For the rest of us, emotional fitness does seem to come at the price of long, dedicated workouts at the hard-knocks gym.
llaras
Jul. 7th, 2007 05:39 am (UTC)
That's A LOT.

Sweetie, I am so proud of you. In awe of you. The strength it took...

You are amazing and inspirational.
emeraldsedai
Jul. 7th, 2007 06:14 am (UTC)
Thanks. I appreciate your words. We don't think of ourselves as being very strong as we're laboring through the trenches, and it usually takes someone outside us to say "Wow."

I know you've been laboring too, and to you I also say, "Wow!" You've faced some tough things lately with huge courage, and I'm so glad you're well.
llaras
Jul. 7th, 2007 02:50 pm (UTC)
Thank you, chica. It's certainly been enlightening.
karen_jk
Jun. 17th, 2010 01:03 am (UTC)
It is inspiring to read this. I admire you greatly.

What led you to the "try anything that works" approach? Any books you'd recommend?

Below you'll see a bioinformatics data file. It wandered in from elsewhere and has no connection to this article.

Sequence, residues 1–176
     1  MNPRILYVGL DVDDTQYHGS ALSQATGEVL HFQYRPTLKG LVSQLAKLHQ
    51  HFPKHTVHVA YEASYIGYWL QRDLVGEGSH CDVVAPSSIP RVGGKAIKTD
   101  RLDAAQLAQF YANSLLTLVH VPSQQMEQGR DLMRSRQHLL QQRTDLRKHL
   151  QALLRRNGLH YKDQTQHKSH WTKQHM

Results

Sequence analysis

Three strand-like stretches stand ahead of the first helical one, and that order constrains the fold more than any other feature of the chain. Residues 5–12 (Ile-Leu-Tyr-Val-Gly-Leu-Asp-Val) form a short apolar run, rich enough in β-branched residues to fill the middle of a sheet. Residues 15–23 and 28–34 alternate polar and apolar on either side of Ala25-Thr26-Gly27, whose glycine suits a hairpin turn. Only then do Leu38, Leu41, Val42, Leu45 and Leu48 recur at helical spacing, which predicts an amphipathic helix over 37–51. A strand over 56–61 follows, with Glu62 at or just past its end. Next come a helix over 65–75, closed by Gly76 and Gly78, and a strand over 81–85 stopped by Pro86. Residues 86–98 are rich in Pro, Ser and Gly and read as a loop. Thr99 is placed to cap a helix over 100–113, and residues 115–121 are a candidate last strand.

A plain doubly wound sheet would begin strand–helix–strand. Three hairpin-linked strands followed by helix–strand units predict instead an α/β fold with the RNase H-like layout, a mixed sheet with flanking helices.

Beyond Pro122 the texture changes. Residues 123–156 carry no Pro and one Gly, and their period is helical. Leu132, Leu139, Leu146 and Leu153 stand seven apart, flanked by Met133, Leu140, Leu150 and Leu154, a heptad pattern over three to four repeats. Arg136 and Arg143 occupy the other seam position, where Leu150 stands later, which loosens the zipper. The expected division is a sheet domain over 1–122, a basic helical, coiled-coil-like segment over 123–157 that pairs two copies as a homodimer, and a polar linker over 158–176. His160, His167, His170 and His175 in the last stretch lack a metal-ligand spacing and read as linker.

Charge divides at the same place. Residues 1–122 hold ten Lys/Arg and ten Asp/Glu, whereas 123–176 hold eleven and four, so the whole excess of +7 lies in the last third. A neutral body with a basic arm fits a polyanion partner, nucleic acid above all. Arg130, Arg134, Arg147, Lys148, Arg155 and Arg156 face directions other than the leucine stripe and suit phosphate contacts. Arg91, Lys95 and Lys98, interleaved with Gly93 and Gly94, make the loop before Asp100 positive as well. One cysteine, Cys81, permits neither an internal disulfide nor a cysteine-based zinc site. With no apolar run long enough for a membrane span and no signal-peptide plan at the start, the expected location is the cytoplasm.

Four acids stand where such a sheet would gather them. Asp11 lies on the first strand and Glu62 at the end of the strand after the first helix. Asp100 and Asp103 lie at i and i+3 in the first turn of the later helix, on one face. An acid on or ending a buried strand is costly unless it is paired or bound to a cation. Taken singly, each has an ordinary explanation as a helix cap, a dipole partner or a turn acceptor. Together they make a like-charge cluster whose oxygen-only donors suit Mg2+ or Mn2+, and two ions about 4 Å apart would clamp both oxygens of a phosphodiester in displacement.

emeraldsedai
Jun. 17th, 2010 04:18 am (UTC)
The eclectic approach arose naturally from the fact that modern medicine had nothing to offer me--and that what troubled me was very poorly understood in the physical realm. I wanted healing, not just symptomatic relief.

An important book for me was James Hillman's The Soul's Code: On Character and Calling because it helped me break away from the post-Freudian "psychological" model of depression.

Reading, however, wasn't a big part of the solution for me. I honestly think that the body-based energy healing techniques I mentioned in my more recent post on the problem of depression, had they been available to me earlier, would have made much shorter work of the journey.

I cannot recommend highly enough Somatic Experiencing, EFT Tapping, Psych-K, EMDR, BodyTalk, and other very-new forms of energy healing that combine consciousness work (words, talking, etc.) with body work (tapping, muscle-testing, breathwork, etc.)

If I had to recommend one as a starting point, I'd say EFT tapping. It's easy to learn, it can be self-administered, it's fast, it's painless, it's easy to do, it's effective, and even if you need deep, longer-term work with a practitioner, it's a brief therapy that won't cost you an arm and a leg and four years of Mondays.
( 21 comments — Leave a comment )